“Almost all Nobel laureates in the sciences are actively engaged in arts as adults. They are twenty-five times as likely as average scientist to sing, dance, or act; seventeen times as likely to be an artist; twelve times more likely to write poetry and literature; eight times more likely to do woodworking or some other craft; four times as likely to be a musician; and twice as likely to be a photographer.” — Bob Root-Bernstein, Ph. D., physiologist and MacArthur Fellow. (Via S.C. Kavassalis)
“I feel that Gauguin is evil. He has nudity and is bad for the children. He has two women in the painting and it’s very homosexual. I was trying to remove it. I think it should be burned. I am from the American CIA and I have a radio in my head. I am going to kill you.” — Susan Burns, art critic.
Looks like Michele Bachmann has some serious competition for the 2012 GOP presidential nomination!
Pink Tentacle has a post about Pluto-kun, created by Japan’s Power Reactor and Nuclear Fuel Development Corporation in the 1990s. The helium-voiced fellow stars in a “pro-nuclear PR cartoon entitled ‘Pluto-kun, Our Reliable Friend.’ The aim of the animated film, which features the company mascot Pluto-kun, is to dispel some of the fears surrounding plutonium.”
[4:00] Misconception #2 — Pluto-kun addresses the fear that plutonium is deadly and causes cancer. Plutonium’s danger to the human body stems from the alpha radiation it emits. Because alpha radiation is relatively weak, it does not penetrate the skin, and plutonium is not absorbed into the body if it comes into contact with skin. He explains that you would not die instantly if you were to drink plutonium. If swallowed, the vast majority simply passes through the digestive tract without being absorbed. If it enters the blood stream (through a cut, for example) it cannot be removed easily from the body. It accumulates in the lymph nodes before ending up in the bones or liver, where it continues emitting alpha radiation. Plutonium can also get into the liver or bones if it is inhaled into the lungs. It is important not to breathe it in or allow it to enter the blood stream.
[6:00] No human is ever known to have died because of inhaling or ingesting plutonium. [7:00] Pluto-kun explains what would happen if criminals dumped plutonium into a reservoir that provides our drinking water. Plutonium is heavy and it does not dissolve easily in water, so most of it would sink to the bottom. Even if you were to drink plutonium-laced water everyday, the vast majority of it would simply pass through the digestive system without being absorbed by the body.
Cute ‘Pluto-kun’ cartoon dispels plutonium fears
Alex Crawford and Austin Nelson, graduate students at Pratt, built a “Rube Goldberg Photobooth” for their Multimedia Installation class project. From Architizer:
We had both always wanted to build a Rube Goldberg machine but never had a good reason to and we could also never find anyone else interested in spending a lot of time and energy building a machine that is basically pointless. This was the perfect opportunity! We spent about 30 hours building it and the result is a process that lasts about 30 seconds. Time well spent, I believe.”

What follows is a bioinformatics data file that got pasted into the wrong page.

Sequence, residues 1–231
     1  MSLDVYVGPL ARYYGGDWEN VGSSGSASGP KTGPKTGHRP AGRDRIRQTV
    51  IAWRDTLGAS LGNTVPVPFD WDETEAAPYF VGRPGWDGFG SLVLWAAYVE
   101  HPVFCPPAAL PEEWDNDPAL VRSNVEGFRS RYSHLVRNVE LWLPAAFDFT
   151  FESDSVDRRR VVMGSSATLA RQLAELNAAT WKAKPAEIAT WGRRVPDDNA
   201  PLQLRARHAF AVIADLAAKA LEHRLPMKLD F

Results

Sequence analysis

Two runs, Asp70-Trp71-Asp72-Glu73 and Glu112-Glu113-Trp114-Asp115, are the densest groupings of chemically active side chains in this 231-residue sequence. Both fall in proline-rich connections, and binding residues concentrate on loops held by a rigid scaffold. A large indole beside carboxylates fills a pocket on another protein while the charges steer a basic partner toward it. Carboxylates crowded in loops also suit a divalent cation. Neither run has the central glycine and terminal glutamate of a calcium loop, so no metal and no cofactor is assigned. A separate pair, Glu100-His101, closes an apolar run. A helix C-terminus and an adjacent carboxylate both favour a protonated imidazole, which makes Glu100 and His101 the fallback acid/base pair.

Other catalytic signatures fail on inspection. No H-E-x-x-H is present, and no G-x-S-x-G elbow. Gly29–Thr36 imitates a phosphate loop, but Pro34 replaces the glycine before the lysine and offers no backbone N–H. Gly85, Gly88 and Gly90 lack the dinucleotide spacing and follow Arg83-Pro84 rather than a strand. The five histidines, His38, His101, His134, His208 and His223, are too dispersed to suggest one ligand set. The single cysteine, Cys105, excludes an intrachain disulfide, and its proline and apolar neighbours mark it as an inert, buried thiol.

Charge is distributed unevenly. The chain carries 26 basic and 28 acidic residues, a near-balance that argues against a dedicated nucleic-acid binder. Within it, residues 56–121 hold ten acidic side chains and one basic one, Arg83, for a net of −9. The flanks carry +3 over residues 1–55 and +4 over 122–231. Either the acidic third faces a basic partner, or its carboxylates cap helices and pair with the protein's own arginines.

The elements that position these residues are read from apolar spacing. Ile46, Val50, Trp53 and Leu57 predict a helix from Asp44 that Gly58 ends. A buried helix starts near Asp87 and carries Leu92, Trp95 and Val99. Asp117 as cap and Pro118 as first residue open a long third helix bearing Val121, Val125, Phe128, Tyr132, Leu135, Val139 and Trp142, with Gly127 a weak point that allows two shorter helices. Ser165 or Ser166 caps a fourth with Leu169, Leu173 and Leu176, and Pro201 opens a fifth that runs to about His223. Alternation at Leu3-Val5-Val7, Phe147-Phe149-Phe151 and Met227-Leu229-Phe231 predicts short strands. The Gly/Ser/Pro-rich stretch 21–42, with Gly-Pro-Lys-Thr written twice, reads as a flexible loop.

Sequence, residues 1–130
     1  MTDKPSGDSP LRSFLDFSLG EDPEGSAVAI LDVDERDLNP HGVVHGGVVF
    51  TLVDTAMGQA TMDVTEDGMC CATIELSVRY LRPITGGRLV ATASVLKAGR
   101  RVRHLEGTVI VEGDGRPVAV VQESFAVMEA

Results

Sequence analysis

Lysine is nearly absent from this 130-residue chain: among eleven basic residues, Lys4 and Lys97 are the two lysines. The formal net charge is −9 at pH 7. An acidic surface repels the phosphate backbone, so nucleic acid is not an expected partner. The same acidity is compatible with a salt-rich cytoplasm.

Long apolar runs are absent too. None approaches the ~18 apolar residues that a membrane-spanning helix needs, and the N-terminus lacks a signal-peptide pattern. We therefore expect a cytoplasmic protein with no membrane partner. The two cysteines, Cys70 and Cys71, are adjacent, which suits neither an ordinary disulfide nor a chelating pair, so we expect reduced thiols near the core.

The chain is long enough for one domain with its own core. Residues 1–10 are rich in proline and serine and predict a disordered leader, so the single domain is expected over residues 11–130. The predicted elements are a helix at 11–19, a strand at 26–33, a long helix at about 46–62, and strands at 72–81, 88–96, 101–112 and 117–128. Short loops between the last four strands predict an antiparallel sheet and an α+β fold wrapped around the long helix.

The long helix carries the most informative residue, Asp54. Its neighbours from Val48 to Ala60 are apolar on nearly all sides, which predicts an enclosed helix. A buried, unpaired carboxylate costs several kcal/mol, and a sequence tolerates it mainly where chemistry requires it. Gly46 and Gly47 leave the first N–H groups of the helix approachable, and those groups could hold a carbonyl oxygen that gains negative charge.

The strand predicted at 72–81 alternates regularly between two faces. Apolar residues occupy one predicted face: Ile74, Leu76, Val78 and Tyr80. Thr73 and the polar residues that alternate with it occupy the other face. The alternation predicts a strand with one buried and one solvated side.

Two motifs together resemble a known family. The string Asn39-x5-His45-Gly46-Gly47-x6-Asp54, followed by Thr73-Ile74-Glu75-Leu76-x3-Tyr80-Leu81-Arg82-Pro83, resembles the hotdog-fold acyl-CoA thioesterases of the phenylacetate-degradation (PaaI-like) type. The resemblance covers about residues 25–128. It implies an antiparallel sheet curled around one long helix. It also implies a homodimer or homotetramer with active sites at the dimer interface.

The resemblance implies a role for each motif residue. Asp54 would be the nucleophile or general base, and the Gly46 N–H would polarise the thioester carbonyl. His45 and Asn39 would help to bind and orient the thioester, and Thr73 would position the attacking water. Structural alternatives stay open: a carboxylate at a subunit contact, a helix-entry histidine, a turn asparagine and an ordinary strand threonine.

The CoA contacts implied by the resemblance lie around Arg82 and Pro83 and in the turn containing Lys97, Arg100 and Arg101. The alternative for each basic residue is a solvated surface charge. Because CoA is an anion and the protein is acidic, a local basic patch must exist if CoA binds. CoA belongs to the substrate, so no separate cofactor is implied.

“Rube Goldberg Photobooth” (Thanks, Mathias Crawford!)
(Laura Levine photo)
New York Magazine published an interesting slideshow showing the Manhattan apartments of some well-known artists, from Robert Rauschenberg’s loft in 1953 to William S. Burroughs’s bunker, c. 1978. Flavorwire riffed on the slideshow with their own, combining their faves from the New York Magazine piece with a few from outside the Big Apple. Above, Keith Haring and Juan Dubose in their Broome Street apartment, 1983. Left, fashion designer and photo book collector Karl Lagerfeld’s living room.
The New York Apartment: The Perpetual Garret (New York Magazine)
“Creative Habitation: Inside Artists’ Living Spaces” (Flavorwire)
Following my post yesterday about Restoration Hardware’s Jet Age-inspired chairs, a commenter pointed me to MotoArt’s fun sculptural furniture fashioned from old airplane parts. The desk above is a wing flap and the bed headboard/armrest was made from a 747 engine nacelle. MotoArt
Opening at Seattle’s Roq La Rue Gallery tonight, Travis Louie’s astounding new daguerreotype-influenced paintings of Victorian folk “and their pets” Also in the show, the insanely-detailed “post-industrial rococo” sculptures of Kris Kuksi, who we’ve also previously featured on BB. Above, Louie’s “The Family Yeti” (acrylic on board 26″ x 20″). Left, Kuksi’s “Ode to Herculaneum” (detail). The art is also viewable online. Travis Louie and Kris Kuksi at Roq La Rue Gallery
John Martz says:
Trexels is a limited edition print from John Martz and Koyama Press featuring 235 of your favourite Star Trek characters (give or take a few Tribbles) in pixelated form. The print, an edition of 300, will debut at the MoCCA Festival in New York City, April 9th and 10th, 2011 (I’ll only have 25 of them with me). Following the festival, the majority of the prints will be available for sale here on my site (with a few copies reserved for TCAF and SDCC).
More info here. (via BB Submitterator, thanks Hamster King)
GUITAR OF THE SKY, An illustration contributed to the Boing Boing Flickr Pool by Yau Hoong Tang of Kuala Lumpur, Malaysia.
Seen here is the fantastical curtain of the Oslo Opera House. Los Angeles-based artist Pae White created it by scanning crumpled aluminum foil and translating that data into instructions for a computer-controlled loom that wove the material out of cotton, wool, and polyester. “Pae White Uses Computer-Assisted Loom To Weave Opera Curtain Of Scanned Images Of Aluminum Foil” (FEELguide)